Not to play stuff that’s too pushy, like it’s before a club night so you can pretty much play whatever you want but I prefer not to play music that is to pushy early in the evening. I guess it works for some people, but I don’t like to take up that kind of space early on. It’s like shouting on the middle of the dance floor when it’s only three people in the room.
Is there anything you would want to change after listening back to it now?
I try not to get hung up in it to be honest. Maybe the volume could be a bit louder in some places?
What were some of your personal highlights on this mix?
Hanging out with friends at Jaeger who are so dedicated to music and playing whatever you want on a great soundsystem.
We know you like to blend the old with the new, but you still have a distinct sound when it comes to your selections in a mix. What do you look for in a record in the context of Djing?
Well I’m pretty hung up on drums. I don’t like really new school sounding drums. Other than that I guess it’s just different moods and stories. And also arps. Always arps.
We’ve noticed that those downtempo early balearic sounds that you seem to like have been having something of a revival of late, with things like Young Marco’s Welcome to Paradise and new artists and labels like Studio 89, shining a light on that kind of music again. What kind of effect do you think it’s having on the DJ landscape at the moment?
Somehow, even though you were to young to be a part of the whole club or rave scene in the 90s (myself included) everyone knows that, like if you’re twenty something now you still know that the sound of the amen break is cool, or rave stabs. M1 Piano or Korg Wavestation sounds or whatever. And also the sense of nostalgia, like take «Lone – Reality testing», all those sounds it feels like you’ve heard them before (and you probably have) so listening it’s like hanging out with someone you’ve known from back in the day. Because all those sounds were used in a lot of music production in the 90s. So I think people connect to the sounds and also recognizing it as credible or even more important in a way. Maybe they had older siblings that they looked up to that were listening to rave stuff back in the day even. There’s a lot of new music that sounds like it really came out in the 90s now. I think it’s great, but I’m definitely in the core target audience, so I would say that.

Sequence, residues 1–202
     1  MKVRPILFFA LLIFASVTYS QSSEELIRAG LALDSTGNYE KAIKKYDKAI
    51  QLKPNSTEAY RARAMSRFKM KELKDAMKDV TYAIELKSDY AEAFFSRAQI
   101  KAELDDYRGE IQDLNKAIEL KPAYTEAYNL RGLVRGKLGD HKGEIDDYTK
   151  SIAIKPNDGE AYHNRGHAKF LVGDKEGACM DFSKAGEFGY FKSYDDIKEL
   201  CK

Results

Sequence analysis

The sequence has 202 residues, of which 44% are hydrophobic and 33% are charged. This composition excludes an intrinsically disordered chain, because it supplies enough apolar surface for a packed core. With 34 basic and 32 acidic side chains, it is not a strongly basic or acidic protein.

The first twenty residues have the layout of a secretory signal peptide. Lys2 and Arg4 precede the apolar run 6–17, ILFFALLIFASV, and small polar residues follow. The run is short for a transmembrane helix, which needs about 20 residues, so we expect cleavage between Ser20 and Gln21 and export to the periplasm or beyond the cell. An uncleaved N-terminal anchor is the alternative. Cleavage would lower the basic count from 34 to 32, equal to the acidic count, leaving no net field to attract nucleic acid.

Would you proffer a prediction into what direction it might be heading next, based on your experiences, especially in Oslo?
I really like that more Detroit rooted atmospheric techno and electro is being showcased over at Hærværk. Maybe we’ll see even more electro upwards from 135BPM, it seems to be gaining popularity which I really like. Techno is definitely gonna continue to grow, and also European (was it ever anything else) sounding 90s trance is apparently back. Like Project Pablos latest EP. I didn’t really get it but then again, not everyone can be into Trance. All in all, more smaller scenes I think. Something for everyone, which is really cool!
Ok Sondre. I think all that’s left is to dive into the mix. Until next time…